He would rebuild the corporation around the idea of “corporate purpose” — the reason a corporation is created and exists, what it seeks to do, and what it aspires to become. That corporate purpose would include not just profit, but also public purposes that relate to societal goals.
Mayer wants “profitable solutions to the problems of people and planet”, but is adamant the route to profit has to change dramatically using the following levers:
- Shareholders don’t act as owners in any meaningful sense, he argues, and their influence on company decisions should be tied to support corporate purposes as well as their rights to derive financial benefit.
- Corporate governance, instead of aligning the interests of management with shareholders, should be legally required to aim at achieving the implementation of corporate purposes.
- Regulation, together with competition, no longer moves fast enough to keep the interests of businesses and society aligned, so companies must be encouraged to incorporate public purposes in their corporate purposes.
- Corporate taxation currently allows too much tax to be earned in low-tax jurisdictions, and interest payments on debt should no longer be tax-deductible.
- Investment plans must incorporate public purposes because privatisations, public-private partnerships and other such arrangements have failed.
- New measures of corporate performance are needed to show a company’s effect on human, social and natural capital.
There is a broader conversation going on. In the US, Elizabeth Warren, a leading Democrat candidate for the presidency, has to proposed her Accountable Capitalism Act, which would require corporations with revenues above US$1b to comply with a federal charter making executives accountable for their decisions. The charter could be revoked for “repeated and egregious illegal conduct”. These corporations would need to have employees select 40 per cent of their directors, and both directors and officers would be subject to stock sale restrictions. Warren draws a parallel with existing “benefit corporations”, which can balance the interests of all stakeholders.
Purpose in practice
Searching questions have been asked about the workability of the Mayer model. Australian economist Nicholas Gruen is disappointed with the alternatives being offered to traditional corporate governance arrangements by thinkers such as Mayer. “There’s nothing wrong with the sentiments,” he explains, but finds the sentiments rarely able to be translated into actionable principles. “It’s really surprising to me how poorly articulated this is,” he says.
In her address to the Supreme Court of NSW Corporate and Commercial Law conference, Commonwealth Bank of Australia (CBA) chair Catherine Livingstone AO FAICD endorses the importance of the concept of a corporation’s purpose, but calls the proposal to regulate it by law “problematical”.
Statements of purpose have been used by corporations in Australia for some time, Livingstone noted. Increasingly, they reference stakeholders other than shareholders, she says, citing as an example CBA’s stated purpose “to improve the financial wellbeing of customers and communities”. Such statements, in Livingstone’s view, guide “the evolution of strategy, priorities and decision-making, and send a signal as to the intent, nature and commitment of the corporation.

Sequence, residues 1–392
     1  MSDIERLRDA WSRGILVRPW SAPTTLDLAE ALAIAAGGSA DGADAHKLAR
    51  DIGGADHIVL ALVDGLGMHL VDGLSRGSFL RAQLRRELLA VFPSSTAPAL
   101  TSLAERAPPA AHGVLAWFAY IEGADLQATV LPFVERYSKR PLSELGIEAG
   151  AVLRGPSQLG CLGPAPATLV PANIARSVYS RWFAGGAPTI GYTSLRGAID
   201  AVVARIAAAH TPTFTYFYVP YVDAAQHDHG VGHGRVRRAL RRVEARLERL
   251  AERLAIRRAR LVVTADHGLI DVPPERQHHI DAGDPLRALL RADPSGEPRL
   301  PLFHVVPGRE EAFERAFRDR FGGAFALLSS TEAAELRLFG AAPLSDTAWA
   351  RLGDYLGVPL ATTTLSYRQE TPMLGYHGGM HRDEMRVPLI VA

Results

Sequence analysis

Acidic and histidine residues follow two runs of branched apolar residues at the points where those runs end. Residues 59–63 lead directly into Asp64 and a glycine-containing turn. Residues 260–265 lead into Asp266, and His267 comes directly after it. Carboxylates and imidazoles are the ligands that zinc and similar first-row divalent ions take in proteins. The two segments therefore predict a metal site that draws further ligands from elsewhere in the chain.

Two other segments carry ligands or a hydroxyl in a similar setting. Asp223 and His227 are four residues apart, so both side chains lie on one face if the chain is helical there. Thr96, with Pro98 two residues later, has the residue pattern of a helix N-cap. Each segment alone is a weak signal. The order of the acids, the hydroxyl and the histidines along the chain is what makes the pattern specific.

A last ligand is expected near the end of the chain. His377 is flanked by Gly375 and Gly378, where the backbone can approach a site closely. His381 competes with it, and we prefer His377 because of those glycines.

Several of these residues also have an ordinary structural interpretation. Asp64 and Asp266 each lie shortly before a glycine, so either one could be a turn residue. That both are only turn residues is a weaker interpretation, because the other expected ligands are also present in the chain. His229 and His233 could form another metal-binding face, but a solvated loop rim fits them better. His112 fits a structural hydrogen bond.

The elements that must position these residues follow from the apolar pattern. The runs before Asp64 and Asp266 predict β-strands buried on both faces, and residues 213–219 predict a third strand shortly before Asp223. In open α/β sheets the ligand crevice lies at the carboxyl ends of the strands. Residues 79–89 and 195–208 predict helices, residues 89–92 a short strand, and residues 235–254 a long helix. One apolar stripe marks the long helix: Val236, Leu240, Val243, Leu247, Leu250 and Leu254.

Regulating purpose will likely lead to a number of unintended consequences, according to Livingstone, including constraining “directors from taking difficult decisions, for fear of straying from their now legally defined purpose” and “a shift away from the corporate structure as a preferred vehicle for capital”.
Elizabeth Bryan AM FAICD also recently talked about the benefits of companies themselves defining corporate purpose. The Insurance Australia Group (IAG) chair told the 2019 Stockbrokers and Financial Advisers Association (SFAA) conference that the company’s stated purpose — “making your world a safer place” — had allowed it to expand its offering and raise profits at the same time, by letting the company think about services that stop insured risks materialising. “Returns on mitigation money are much higher than returns on remediation money,” says Bryan. “If we can do things for you before something nasty happens, then you are happy and better off, and we are happy and better off.”
Gruen notes such win-wins are hard to identify and achieve. Bryan stresses, each one depends on having a clearly defined purpose “very tightly linked with your business model”. If it is not, she told the SFAA, “it becomes a form of philanthropy. Then you get down to having really hard conversations with your shareholders. There’s no way you can reconcile shareholder return requirements and a weak version of something that is a disguised bit of philanthropy.”
"Frequently the message is little more than that you must apply ethical considerations. Who decides on those... and on how they resolve the problem confronting the board?" - Dr Robert Austin, barrister
Bryan says that intangible assets “have become much more important than they used to be” and this makes trust vital to maximising long-term corporate value. “You can’t really, in the interest of the shareholders... trash the trust of society, the trust and allegiance of your customers, [or] your brand.”